Editor's Comment

Engineers must prove their worth

LUNGU

ENGINEERS are critical to Zambia’s socio-economic development.
Engineers’ expertise include the provision of basic necessities such as water, electricity, communication, roads and housing infrastructure.
With Government prioritising capital projects as a way of enhancing service delivery and creating jobs, engineers have a major role to play in actualising this goal.
But with some structures being poorly built, some roads falling short of specifications of Government or local authorities, it is evident that there is a big gap that must be filled. This must be done quickly.
Zambia cannot afford to allow the loss of public resources in such an avoidable manner.
Engineers are expected to take a leading role in ensuring that jobs are executed efficiently and are cost-effective.
Apart from Government-contracted projects, there are other construction projects which should have more local engineers involved in.
We know that most local authorities have well qualified and capable engineers, but for some reason, towns and cities continue having substandard infrastructure.
We wonder which engineers would be proud of some of the buildings or works done under their noses. If they say that they have nothing to do with some of these substandard buildings, then why do the local authorities allow occupation or use?
We are also aware that some of these engineers could be frustrated by respective managements of local authorities in that their expert advice is not heeded.
If this is the case, the engineers should not give up. They should soldier on and be proud of their profession. But they can only be proud if they deliver on expectations of users.
In construction, we expect engineers to be constantly on the ground monitoring and supervising projects.
The expertise of architects should be taken a level higher as the thoughts on paper are actualised.
Often, construction, especially of private structures, is left to bricklayers, many of whom do not even have the qualifications but do “good jobs” through experience.
Buildings are occupied without clearance certificates from local authorities who should be guided accordingly by the engineers.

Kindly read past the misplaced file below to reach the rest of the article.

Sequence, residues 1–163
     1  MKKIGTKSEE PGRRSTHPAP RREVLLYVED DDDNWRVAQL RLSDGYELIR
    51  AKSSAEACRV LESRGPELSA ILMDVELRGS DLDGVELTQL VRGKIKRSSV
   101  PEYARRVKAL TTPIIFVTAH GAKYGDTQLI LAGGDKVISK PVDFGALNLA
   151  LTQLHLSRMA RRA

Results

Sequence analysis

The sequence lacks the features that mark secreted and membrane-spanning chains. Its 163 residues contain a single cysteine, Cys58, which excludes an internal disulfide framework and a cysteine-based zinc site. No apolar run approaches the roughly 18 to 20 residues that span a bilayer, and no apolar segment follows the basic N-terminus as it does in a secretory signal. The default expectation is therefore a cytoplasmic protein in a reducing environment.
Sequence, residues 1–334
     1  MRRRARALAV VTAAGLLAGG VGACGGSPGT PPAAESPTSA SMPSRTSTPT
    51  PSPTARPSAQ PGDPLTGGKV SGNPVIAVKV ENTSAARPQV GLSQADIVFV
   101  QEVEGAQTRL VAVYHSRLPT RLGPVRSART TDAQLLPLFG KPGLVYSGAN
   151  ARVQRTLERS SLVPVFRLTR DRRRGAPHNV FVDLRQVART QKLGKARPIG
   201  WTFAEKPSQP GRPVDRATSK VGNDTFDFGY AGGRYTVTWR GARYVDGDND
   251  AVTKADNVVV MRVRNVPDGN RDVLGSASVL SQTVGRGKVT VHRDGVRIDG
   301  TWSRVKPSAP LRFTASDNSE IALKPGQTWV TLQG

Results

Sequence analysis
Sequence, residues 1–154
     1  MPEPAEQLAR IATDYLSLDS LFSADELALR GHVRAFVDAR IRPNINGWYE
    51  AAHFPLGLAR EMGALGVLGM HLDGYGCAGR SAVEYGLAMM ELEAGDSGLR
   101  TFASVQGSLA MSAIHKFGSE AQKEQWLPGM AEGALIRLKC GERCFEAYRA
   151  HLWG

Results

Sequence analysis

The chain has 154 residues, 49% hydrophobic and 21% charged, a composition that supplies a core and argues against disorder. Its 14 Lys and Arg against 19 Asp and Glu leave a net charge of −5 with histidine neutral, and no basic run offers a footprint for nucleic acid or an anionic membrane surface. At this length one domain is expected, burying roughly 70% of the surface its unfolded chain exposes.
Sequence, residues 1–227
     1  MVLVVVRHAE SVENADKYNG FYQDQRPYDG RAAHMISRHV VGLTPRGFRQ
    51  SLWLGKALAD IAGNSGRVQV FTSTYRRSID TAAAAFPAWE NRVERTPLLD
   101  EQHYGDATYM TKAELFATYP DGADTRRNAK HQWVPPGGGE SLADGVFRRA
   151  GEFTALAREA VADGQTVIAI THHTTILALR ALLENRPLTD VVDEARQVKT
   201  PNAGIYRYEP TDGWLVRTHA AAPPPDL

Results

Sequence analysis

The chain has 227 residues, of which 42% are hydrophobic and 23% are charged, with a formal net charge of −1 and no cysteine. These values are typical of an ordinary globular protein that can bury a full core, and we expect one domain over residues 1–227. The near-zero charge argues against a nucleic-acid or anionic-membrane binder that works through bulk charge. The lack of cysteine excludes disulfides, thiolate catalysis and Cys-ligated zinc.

Some buildings seem good and solid by appearance soon after completion, but after a few months, cracks begin to appear and in adverse weather such as rainstorms, roofs get blown away.
Admittedly, even the strongest of certified bridges and houses can collapse in storms, but the risks are certainly higher if the construction was poorly done in the first place.
The devastating rainstorms that destroyed bridges and houses in some northern parts of Zambia were a reminder to engineers to step up their involvement in matters of construction.
They saw how some of those crossing points gave way in the storms. Lessons learnt should provide for stronger bridges and other buildings.
While appreciating that most local authorities’ engineering departments are overstretched, the least they can do is to accredit the bricklayers, plumbers, electricians and carpenters so that individuals and companies in need are not taken advantage of by quacks.
President Edgar Lungu has reiterated his concern with engineers because of project costs being escalated through systematic variations.
Mr Lungu said the trend, if left unchecked, can erode the achievements made so far.
Engineers know the procedure as far as executing of projects is concerned. Before the commencement of any projects, they have to factor in all the costs to avoid a situation where clients, especially Government, start paying more than they had budgeted for.
This has led to some citizens accusing Government of inflating the costs of projects when this is advice of the expert engineers.
For road projects, the Road Development Agency has engineers who are mandated to monitor road construction at every stage.
When engineers adhere to their job descriptions, complaints about the unethical behaviour President Lungu spoke about should not arise.
However, some people are not doing their job and the country is getting shoddy works, which a huge cost to the tax-payers.
We expect the leadership of Engineering Institute of Zambia to take responsibility in ensuring that standards and codes of ethics are strictly adhered to.
This will significantly assist all practitioners in complying with applicable laws, rules and regulations within the sector.
Engineers should redeem themselves by ensuring that their members live up to the expectations of stakeholders.
EIZ should stand up and account for their expertise. It is important, too, that they be allowed to do their job professionally.



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